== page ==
In discussing SLO5, we reviewed 10 writing assignments regarding service learning activities. We determined that 25% of the students were competent, 25% were developing and 50% were  beginning to interact appropriately with and advocate for Pacific communities. Our discussions centered around the preparations for service learning and the high percentage of non-majors enrolled in PACS courses. We did not analyze the 2 Senior Capstones to date.

In reviewing the syllabi, many faculty acknowledged a new awareness of the need to more closely connect course assessment with course assignments. A focus on student progress toward course and program SLOs is desired and support would be helpful.

12) State how the program used the results or plans to use the results. Please be specific.

Approaches to SLO3 at the 100 and 200 level are successful in introducing these skills, but more could be done to target them. Drawing attention to the SLO more clearly at the 100 level would raise awareness as students move through the program. Many non-PACS majors enroll in our courses, so we do feel that PACS majors are more successful at explaining indigenous issues and concerns but our results reflect the general population of our classes. At the 300 level, more planning and design of the assignments collected might make comparison and evaluation easier. We had a hard time evaluating the diverse assignments and they were not as clearly linked to evaluating SLO3 as other assignments were.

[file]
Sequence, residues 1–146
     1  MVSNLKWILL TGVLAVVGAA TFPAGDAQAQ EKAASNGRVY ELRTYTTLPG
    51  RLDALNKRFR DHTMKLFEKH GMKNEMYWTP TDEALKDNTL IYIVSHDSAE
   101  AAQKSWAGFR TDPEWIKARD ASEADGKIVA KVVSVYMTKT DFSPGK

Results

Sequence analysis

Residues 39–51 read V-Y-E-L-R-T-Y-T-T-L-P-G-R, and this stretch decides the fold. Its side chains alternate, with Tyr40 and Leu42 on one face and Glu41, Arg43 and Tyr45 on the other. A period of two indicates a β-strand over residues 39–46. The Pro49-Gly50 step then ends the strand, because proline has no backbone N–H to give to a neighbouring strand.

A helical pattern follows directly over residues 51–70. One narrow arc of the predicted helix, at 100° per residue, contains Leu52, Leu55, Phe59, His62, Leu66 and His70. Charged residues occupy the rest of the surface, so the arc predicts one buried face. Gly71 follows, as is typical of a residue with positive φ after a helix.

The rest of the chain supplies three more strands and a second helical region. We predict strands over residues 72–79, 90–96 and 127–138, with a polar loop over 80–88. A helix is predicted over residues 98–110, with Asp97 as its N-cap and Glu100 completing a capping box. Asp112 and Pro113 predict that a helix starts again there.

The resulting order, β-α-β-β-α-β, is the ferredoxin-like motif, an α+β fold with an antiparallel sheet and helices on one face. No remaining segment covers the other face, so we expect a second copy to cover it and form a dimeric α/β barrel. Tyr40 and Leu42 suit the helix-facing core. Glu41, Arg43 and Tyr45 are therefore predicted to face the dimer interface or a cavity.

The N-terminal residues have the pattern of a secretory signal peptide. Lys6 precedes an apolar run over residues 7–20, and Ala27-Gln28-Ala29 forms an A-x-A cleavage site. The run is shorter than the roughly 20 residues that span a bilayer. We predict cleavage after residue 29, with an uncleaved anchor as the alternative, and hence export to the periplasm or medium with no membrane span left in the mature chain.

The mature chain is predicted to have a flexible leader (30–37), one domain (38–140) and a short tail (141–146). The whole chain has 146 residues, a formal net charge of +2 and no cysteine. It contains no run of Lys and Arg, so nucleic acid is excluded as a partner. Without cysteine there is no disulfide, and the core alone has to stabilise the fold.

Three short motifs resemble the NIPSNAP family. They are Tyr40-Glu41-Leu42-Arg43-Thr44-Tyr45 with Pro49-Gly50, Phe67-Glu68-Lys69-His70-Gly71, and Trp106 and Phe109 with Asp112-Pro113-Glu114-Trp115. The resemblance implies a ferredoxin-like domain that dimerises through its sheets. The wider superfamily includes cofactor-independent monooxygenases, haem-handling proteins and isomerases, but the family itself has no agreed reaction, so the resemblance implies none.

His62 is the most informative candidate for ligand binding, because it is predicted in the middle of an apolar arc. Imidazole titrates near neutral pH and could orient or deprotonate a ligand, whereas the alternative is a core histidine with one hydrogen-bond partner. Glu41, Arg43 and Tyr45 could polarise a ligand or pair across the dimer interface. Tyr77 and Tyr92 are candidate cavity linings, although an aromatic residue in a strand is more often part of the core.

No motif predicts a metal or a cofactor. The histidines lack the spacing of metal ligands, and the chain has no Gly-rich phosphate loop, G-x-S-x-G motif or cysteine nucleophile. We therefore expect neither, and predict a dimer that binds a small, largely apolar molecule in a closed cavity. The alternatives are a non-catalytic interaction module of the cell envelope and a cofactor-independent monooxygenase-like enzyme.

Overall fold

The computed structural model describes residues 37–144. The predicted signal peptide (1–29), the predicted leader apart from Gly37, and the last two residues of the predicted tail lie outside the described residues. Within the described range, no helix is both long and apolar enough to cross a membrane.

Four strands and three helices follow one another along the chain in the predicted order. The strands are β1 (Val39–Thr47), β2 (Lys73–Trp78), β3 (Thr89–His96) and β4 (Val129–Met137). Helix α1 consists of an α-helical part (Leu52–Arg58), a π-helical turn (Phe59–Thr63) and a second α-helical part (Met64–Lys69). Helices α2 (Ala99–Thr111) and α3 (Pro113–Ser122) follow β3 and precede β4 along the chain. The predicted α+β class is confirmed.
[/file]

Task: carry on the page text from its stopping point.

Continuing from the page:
In discussing SLO5, we realized that the best way of evaluating this program SLO is by closely evaluating the Senior capstone. To date, we have had two graduates, and have offered the Capstone as “reading” classes to individual students, while incorporating the capstone student in a face-to face course that enables them to discuss issues and ideas with peers. We need to design a rubric for evaluating all program SLOs through the Senior capstone.

Due to the large number of non-PACS majors served by our courses, and the small size of our courses (often due to enrollment limits in focus designated courses), it is challenging to assess program SLOs for PACS majors adequately. 

13) Beyond the results, were there additional conclusions or discoveries?
This can include insights about assessment procedures, teaching and learning, program aspects and so on.

14) If the program did not engage in assessment activities, please explain.
Or, if the program did engage in assessment activities, please add any other important information here.